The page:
Tribute to my Paternal Grandparents William and Sarah Evans

I’ll start on my father’s side with my memories of my grandparents. My cousin, Richard Evans has written a history of my grandfather and mentioned my step-grandmother, but I’ll briefly tell a little of my own memories of them. My biological grandmother died not too long after they came to America. My step-grandmother was a very harsh, crabby and angry looking woman of whom I was terribly afraid. I can never remember seeing her smile. My real grandmother Evans died before I was born, but from all I hear about her, she was a lovely, kind, beautiful person and I wish I could have known her. I can remember going to see Step-grandmother Evans in Durango when I was young and she never said two words to me that I remember so my memories of her are not that great. But, my Grandfather was another story. He was kind and thoughtful and I will always remember his playing a small instrument something like an accordion and as he played it, he would swing it around in great circles as he played and it was exciting to watch. I was not as close to my grandparents on my Dad’s side as on my Mother’s, mostly because we lived close to my Willden grandparents. Besides this, my Mother, while friendly, kept herself from being close to Dad’s family and this kept us children from being quite as close.

I know a little more about the background of my Grandpa Evans. He was born in Wales, and lived there until his entire family joined the Church, and at that time the thing for converts to do was to go to Utah. And this they did. I believe they boarded the ship at Liverpool, England and everyone got very sick on the high seas. They traveled by train to Salt Lake City and there the boys and Grandpa tried to find work without success. Finally, it had happened that one of President Brigham Young’s grandsons had converted them in Wales and was now living in Northern part of New Mexico and urged them to go there and they did and worked in the mines. In Wales this was about the only work open to most of the men and all of the family had worked in them there.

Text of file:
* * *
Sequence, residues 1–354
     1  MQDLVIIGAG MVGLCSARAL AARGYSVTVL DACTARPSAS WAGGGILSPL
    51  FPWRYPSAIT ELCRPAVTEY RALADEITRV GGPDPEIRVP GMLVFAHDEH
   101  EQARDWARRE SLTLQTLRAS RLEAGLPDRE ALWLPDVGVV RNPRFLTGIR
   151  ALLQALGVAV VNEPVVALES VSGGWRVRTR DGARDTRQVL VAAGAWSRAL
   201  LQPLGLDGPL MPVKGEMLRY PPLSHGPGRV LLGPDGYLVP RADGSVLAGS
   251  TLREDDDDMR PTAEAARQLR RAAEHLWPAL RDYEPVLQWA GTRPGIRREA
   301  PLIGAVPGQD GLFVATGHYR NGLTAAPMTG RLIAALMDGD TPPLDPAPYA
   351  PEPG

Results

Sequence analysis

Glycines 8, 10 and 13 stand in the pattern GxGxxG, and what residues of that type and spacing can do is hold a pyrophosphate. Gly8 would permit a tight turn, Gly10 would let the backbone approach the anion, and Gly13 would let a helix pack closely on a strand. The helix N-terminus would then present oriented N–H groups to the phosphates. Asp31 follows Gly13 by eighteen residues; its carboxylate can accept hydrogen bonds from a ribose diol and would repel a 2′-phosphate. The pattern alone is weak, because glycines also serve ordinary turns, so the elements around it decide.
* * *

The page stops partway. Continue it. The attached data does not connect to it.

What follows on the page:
The little Mormon town was called Fruitland and for many years there were several of the families living there or in the vicinity. The family got acclimated to life there and did fairly well. And, that was where my Dad met my Mother.

My step-grandmother died sometime about when I was in Durango in high school or a few years later. Then my grandfather for many years lived with my Uncle Dick Evans and his family in Shiprock, New Mexico, where my uncle had an Indian Trading Post. He built a room onto his house, which was attached to the store and they were very kind and attentive to Grandpa Evans.

One incident stands out in my mind that tells of Grandpa’s character. He must have been in his late 80’s, and we thought he was terribly old. One day I was visiting in Salt Lake with my family and we decided to go to Lagoon. Just as all the preparations were made and we were ready to leave, in came Grandpa, unannounced. We loved him and were perplexed as to what to do. We didn’t want to call off our little trip, but felt he would not wish to go, but we finally decided that we should ask him and see how he felt. So we said, “Grandpa, we’re all ready to go to Lagoon and wondered if you would like to go with us?” He pleasantly announced in his kindly voice, “Why yes. I would like to go.” But now at age 84, and with the energy and zest for life that I have, I can understand exactly how he felt.

I think Grandpa was about ninety something when he died. One night Uncle Will went into his room after he had gone to bed and said goodnight to him as he always did every evening and the next morning when they went in, he was gone. What a way to go.

None of my grandparents had any worldly wealth to leave to me, but the left me three qualities that I have always cherished. Number one: all were steadfast in the Gospel and it was always evident in their lives. Number two: by their example they left me so many examples of honesty in all their dealings, the value of friendships, and that was great virtue in being kind. Number Three: They loved me. I’m glad I’m their granddaughter.